Theatre review: Boom, KXT on Broadway

Looking at the bridge between our past and future with a heartfelt Singaporean story that traverses borders.
Boom. image is of two figures standing back to back and looking to either side, on a purple set.

Sentimentality seeps into every aspect of Slanted Theatre’s Boom, from the way we’re invited into a home filled with precious memories to the classic Hokkien songs played during the intervals. It is these warm feelings toward the past that are also constantly being threatened by the advent of rapid modernisation.

Boom revolves around an old lady, Ong, whose fierce attachment to her house is unwavering, even as neighbours and agents pressure her into giving it up. To Ong, it is a connection to her past while, to the authorities, it is a valuable piece of land for profitable developments. At the same time, the government’s Land Authority has made orders to exhume corpses for the same purpose of optimising space.

Excellently directed by Tiffany Wong and produced by Natalie Low, the play manages to capture the distinctively Singaporean flair that underscored playwright Jean Tay’s original script. With use of Singlish and Hokkien maintained throughout, the production expertly transports us into a world that is foreign, yet also feels familiar and clear. Even as non-Singaporeans, it is difficult not to feel an overwhelming sense of nostalgia as we reflect on how places can become affixed to our identities.

The core concern explored within Boom remains relevant to Australians and parallels how we increasingly favour commercial wealth over sentimental value. We can relate to Ong’s son Boon and his colleagues, who are enraptured by the appeal of glitzy, new condominiums. We also witness surrounding residents gradually being swayed by sizeable offers of money to give up their long-held homes, as also happens in major Australian cities.

Further, Boom makes us question how ruthless the process of modernisation can be, as individual wishes and the dead’s integrity are inevitably dismissed when pursuing progress for the majority.

The whole acting cast deliver these messages effectively with the dynamics of their characters being fluidly portrayed. This includes Tiang Lim who embodies, with great emotion, Ong’s frustratingly futile attempts to keep an unrelenting grip on her home. Josephine Lee matches this desperate energy as Boon, while also delivering hilarious sections as his younger self. 

Gerwin Widjaja interestingly plays a corpse, who not only provides humorous relief, but also pulls heartstrings as he conveys the most distressing scenes of reliving a painful death. Daniel MacKenzie is another favourite, playing an affable civil servant with necromantic abilities, with whom the audience empathises as he struggles to meet the apathetic bureaucracy’s targets.

Josephine Lee, Tiang Lim and Melissa Gan in Slanted Theatre’s ‘Boom’. Photo: Sherry Zheng. 

The entire production team’s work also feels incredibly cohesive and results in a piece that is powerfully conveyed, despite the smaller space. The effects created by lighting designer Luna Ng and sound designer Sam Cheng enhance the gravity of differing scenes, from the intensity of anger and the beauty of reminiscence to the solemnity of death. Costume designer Rita Naidu’s outfits reflect the various characters’ personalities effectively, aiding the actors in seamlessly transitioning between their multiple roles.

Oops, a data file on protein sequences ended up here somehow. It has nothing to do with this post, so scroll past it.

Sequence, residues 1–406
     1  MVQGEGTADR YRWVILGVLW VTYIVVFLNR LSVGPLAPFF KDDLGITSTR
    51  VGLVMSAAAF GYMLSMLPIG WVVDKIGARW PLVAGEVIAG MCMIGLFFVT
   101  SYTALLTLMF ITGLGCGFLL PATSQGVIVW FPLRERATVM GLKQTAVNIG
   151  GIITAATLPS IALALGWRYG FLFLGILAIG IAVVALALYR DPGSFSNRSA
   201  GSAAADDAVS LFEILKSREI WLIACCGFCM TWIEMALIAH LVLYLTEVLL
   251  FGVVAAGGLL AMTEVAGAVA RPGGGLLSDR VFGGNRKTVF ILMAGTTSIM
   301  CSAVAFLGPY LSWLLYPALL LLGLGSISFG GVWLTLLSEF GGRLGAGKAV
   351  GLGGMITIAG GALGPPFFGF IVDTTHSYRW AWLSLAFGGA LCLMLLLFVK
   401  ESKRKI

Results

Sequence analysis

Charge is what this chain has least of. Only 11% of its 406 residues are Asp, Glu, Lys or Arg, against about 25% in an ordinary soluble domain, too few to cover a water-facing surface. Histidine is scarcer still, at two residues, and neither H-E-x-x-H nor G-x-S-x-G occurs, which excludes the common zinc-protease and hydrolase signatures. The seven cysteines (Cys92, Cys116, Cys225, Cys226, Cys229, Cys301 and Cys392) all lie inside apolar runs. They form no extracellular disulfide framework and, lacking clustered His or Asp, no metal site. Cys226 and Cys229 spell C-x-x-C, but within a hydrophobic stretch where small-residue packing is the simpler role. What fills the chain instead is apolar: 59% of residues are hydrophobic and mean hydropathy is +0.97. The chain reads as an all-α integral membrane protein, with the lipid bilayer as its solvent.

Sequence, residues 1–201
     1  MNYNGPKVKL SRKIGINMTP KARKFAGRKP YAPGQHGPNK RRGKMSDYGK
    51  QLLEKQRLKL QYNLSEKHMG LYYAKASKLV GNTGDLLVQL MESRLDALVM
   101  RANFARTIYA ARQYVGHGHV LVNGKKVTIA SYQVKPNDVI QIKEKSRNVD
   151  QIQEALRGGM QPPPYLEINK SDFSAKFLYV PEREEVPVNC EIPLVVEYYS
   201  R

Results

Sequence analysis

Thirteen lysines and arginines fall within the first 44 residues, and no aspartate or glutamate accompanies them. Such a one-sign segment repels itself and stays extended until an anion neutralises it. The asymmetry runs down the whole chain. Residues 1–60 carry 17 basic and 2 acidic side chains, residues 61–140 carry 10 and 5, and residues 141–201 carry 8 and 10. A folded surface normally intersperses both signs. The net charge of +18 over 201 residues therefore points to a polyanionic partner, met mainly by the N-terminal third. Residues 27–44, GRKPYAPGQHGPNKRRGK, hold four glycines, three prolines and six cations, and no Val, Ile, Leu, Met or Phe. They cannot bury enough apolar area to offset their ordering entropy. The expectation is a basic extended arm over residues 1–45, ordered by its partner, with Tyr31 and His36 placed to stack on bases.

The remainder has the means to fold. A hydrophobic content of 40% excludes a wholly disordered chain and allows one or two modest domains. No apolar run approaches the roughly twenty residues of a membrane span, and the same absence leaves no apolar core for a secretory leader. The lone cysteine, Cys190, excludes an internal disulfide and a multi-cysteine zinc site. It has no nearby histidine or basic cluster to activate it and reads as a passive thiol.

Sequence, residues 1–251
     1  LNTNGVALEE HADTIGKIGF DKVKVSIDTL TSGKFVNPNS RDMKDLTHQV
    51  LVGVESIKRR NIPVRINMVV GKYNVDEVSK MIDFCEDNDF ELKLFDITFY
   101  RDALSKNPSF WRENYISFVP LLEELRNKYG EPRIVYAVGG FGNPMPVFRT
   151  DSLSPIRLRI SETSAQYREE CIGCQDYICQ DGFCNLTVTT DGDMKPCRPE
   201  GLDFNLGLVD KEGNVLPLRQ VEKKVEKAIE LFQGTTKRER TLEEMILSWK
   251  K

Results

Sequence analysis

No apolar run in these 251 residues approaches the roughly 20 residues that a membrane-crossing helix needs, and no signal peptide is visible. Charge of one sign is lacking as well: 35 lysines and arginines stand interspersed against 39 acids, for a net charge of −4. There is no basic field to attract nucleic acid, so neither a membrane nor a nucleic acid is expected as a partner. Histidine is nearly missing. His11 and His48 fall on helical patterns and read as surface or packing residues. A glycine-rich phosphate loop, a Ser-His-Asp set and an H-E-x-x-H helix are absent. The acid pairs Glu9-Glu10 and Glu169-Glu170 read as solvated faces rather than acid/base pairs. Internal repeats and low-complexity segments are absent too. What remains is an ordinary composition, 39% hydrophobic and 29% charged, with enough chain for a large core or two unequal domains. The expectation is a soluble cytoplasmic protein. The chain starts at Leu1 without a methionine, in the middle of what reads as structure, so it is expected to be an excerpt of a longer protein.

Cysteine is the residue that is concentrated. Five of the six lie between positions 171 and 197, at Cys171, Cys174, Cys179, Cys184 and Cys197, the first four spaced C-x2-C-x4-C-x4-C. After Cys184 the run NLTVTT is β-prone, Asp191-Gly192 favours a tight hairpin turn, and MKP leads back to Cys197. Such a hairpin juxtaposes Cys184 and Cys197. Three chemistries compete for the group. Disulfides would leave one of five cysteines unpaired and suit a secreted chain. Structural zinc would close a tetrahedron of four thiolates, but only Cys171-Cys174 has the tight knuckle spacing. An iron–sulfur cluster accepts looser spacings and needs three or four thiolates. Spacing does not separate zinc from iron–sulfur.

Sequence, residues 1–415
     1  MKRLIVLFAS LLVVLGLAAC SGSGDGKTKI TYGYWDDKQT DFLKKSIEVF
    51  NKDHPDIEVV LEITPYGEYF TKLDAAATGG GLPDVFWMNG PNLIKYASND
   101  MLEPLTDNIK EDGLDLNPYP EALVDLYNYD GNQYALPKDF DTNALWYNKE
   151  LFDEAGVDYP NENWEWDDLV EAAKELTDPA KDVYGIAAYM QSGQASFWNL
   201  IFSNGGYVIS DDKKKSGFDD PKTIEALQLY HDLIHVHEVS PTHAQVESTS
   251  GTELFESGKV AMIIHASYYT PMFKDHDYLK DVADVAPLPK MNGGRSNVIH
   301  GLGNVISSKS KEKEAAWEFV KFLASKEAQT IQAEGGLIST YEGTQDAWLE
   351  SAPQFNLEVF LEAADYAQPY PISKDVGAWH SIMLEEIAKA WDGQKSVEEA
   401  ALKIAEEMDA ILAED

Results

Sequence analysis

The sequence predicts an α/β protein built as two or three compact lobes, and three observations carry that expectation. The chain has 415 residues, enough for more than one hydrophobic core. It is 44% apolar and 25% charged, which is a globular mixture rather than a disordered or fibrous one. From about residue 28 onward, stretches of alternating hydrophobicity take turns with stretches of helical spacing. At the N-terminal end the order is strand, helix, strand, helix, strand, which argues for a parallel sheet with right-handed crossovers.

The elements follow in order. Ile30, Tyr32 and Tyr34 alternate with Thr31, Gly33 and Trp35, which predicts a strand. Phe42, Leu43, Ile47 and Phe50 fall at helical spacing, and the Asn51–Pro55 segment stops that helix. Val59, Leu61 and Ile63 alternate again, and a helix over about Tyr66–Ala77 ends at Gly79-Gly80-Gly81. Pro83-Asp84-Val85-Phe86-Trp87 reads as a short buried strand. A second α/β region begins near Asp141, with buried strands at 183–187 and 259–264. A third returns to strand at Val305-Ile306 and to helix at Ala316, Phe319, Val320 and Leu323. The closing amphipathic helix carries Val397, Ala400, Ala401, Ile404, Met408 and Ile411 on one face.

Set designer Aloma Barnes must also be applauded, as her pieces are both endearing and well-executed. The shelf filled with everything from mementos and religious statues to ceramics emanates a warm sense of homeliness that heightens the sentimental atmosphere. Another set piece, a grey moss-covered box, is very cleverly utilised and takes various forms as a platform, grave and a table.

The most satisfying culmination of the team’s efforts is the representation of a fig tree that imprints itself in the audience’s mind as a symbol of the entire story. The tree’s presence is ever-looming in the script, clothing, lighting and sounds, intertwining in a dramatic scene you’ll know is the climax when you see it.

With that, it is hard to pinpoint any major flaws that detract from Boom’s overall quality, other than a slightly abrupt ending that stems from wanting such a compelling piece to continue.

Read: Performance review: The Blood Vote, Gasworks Arts Park

Boom exceeds expectations and proves that Asian-Australian theatre can be culturally enriching, entertaining and relevant to all.

Boom, co-presented by Slanted Theatre in association with KXT Bakehouse
Playwright: Jean Tay
Director: Tiffany Wong 黃寶珠
Producer: Natalie Low 劉嘉雯
Sound Designer and Composer: Sam Cheng 鄭慧敏
Costume Designer: Rita Naidu
Set Designer: Aloma Barnes
Lighting Designer and Deputy Stage Manager: Luna Ng 吳悅兒
Lighting Technician: Capri Harris
Deputy Stage Manager: Jake Fisher
Assistant Stage Manager: Katie Ord
Production Dramaturg: Adam Yoon
Accent Consultant: Petrina Kow
Fight Director: Sam Flack

Cast: Melissa Gan 颜丽媛, Tiang Lim 林珍妮, Josephine Lee 李徾汶, Natalie Low 劉嘉雯, Daniel MacKenzie, Gerwin Widjaja 黄世德 and Jordon Zhu朱麒安

Boom is performed at KXT on Broadway, Sydney 6-21 October; tickets $35-$45.

This review is published under the Amplify Collective, an initiative supported by The Walkley Foundation and made possible through funding from the Meta Australian News Fund.

Leo Chau is a freelance writer living in Western Sydney on unceded Dharug land. He currently studies journalism at UTS, hoping to contribute to promoting diverse voices in the arts and media. His topic interests are varied, some of which include multiculturalism, politics, culture, sociology and history.